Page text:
Alternatively, the first user need only enter the telephone number of the second user on a device, such as a computer 112 or telephony device 132 (e.g., wireless telephone, PDA, etc.), such as by typing it in, keying it in, or speaking the number. The first user may also simply select the telephone number of the second user from a contact list. The computer 112 or telephony device 132 may then operate to automatically generate the email address and/or web site address based on the input telephone number. Thus, in one embodiment the first user's web browser or wireless device (e.g., wireless phone or PDA) may be operable to automatically generate an email address and/or web site address or URL based on a second user's telephone number, and thus a first user may not be required to remember the particular format.

In step 226 the first user may send an email to the user using the constructed email address and/or may access the user's web site using the constructed URL. In the case of a telephony device 132, the first user may simply dictate a voice message that is provided in an email to the second user, as either voice or text. This example is described in the flowchart of FIG. 5. The first user may also listen to a voice message played on a web site.

The use of a telephone number as the primary component or key of an e-mail address greatly simplifies the process of locating a user's email address. In addition, e-mail addresses may be readily found using standard telephone information services, such as “411”, as well as other telephone-based methods for obtaining telephone directory information. The user's phone number indicates both the user's e-mail address as well as the home page address of the user, wherein both may be stored in the interactive directory. This Internet directory system and method brings all communication methods and directory services together using one searchable key, a user's telephone number.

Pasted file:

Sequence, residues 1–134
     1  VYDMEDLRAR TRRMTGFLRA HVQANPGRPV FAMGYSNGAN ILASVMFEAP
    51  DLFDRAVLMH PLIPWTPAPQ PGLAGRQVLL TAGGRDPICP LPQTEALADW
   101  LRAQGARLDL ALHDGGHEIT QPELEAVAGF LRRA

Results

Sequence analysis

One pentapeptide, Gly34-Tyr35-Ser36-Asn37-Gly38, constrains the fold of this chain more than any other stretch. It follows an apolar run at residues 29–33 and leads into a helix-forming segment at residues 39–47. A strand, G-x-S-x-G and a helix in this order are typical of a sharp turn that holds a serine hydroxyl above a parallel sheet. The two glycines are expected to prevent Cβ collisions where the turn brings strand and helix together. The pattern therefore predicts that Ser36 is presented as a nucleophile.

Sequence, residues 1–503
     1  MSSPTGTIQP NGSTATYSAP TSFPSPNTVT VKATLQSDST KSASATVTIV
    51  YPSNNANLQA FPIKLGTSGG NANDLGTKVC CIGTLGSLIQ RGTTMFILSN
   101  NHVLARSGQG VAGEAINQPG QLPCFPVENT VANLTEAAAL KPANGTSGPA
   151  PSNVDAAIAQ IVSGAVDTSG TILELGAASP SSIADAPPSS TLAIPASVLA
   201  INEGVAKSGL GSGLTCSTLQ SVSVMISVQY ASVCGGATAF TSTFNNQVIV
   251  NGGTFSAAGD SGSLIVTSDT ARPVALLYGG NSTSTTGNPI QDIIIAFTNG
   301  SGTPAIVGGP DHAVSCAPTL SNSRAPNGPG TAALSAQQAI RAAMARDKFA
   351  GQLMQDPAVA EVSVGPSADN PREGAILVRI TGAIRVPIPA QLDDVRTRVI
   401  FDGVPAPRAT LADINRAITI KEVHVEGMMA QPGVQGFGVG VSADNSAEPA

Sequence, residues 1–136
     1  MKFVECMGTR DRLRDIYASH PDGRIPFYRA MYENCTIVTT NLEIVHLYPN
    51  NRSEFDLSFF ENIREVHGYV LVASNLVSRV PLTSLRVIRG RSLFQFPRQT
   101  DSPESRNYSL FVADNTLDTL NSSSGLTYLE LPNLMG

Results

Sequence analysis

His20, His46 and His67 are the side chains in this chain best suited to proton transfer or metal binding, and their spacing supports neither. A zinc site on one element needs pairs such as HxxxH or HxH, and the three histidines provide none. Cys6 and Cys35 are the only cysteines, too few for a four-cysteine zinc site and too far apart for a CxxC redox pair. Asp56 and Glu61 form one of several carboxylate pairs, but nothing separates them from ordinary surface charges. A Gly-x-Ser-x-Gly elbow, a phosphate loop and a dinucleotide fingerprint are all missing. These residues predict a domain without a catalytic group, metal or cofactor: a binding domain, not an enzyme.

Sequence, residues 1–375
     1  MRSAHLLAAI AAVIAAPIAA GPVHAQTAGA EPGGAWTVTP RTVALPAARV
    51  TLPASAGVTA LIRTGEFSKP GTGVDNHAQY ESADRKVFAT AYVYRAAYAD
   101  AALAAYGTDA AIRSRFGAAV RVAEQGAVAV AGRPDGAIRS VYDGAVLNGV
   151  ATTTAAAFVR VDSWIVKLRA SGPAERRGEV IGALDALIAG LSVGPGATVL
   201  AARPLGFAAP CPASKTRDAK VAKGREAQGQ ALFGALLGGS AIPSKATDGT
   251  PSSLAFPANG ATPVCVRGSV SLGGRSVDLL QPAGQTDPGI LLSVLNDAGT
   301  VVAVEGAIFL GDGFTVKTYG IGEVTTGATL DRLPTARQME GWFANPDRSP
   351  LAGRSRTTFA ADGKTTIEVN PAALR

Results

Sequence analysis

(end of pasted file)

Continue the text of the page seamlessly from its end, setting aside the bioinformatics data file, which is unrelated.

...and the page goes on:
For example, if user A of computer 112A or telephony device 132 desires to communicate with a target user B of computer 112B and does not know user B's email address, the user A can simply utilize various telephone-based information services, such as 411, Internet white pages, Internet yellow pages, etc., to determine the user B's telephone number. Once user B's telephone number has been learned, user B's email address can be readily generated based on this telephone number. For example, knowing the format of a telephone number based email address, user A can readily generate user B's email address. Alternatively, user A's web browser or telephony device 132 may automatically generate user B's email address based on the telephone number of user B. In addition, user B's web page can also be easily generated based on this telephone number, either manually by user A or automatically. Thus this embodiment of the present invention provides a simplified mechanism for determining any user's email address or web page.

Thus, one important aspect of the invention is the use of a telephone number as the basis for an email address and/or a web page, and the use of this data to form a directory from which anyone can access a respective user's email, web home page, cellular number, Voice over IP address, Pager address, Instant Message address or any other form of addressing for a communication service by simply determining the respective user's telephone number.

FIG. 4—Non-Computer User Accesses a Callee

In one embodiment of the invention, a telephone user of telephony device 132 may access various communication and/or web site access features through a server computer, such as servers 122 or 102, which may be running a computer telephony application. This application allows a first user to dial into the server using the telephony device 132 and access Internet and/or communication services, such as sending or receiving email to a second user, updating web page content, accessing information from a web site, contacting the second user through various means, etc. The server 122 may respond with a Voice Interactive Response to the first user, providing various information to the first user as well as a means for the first user to generate email messages to the second user (voice to text), obtain information from a web site (text to voice), etc.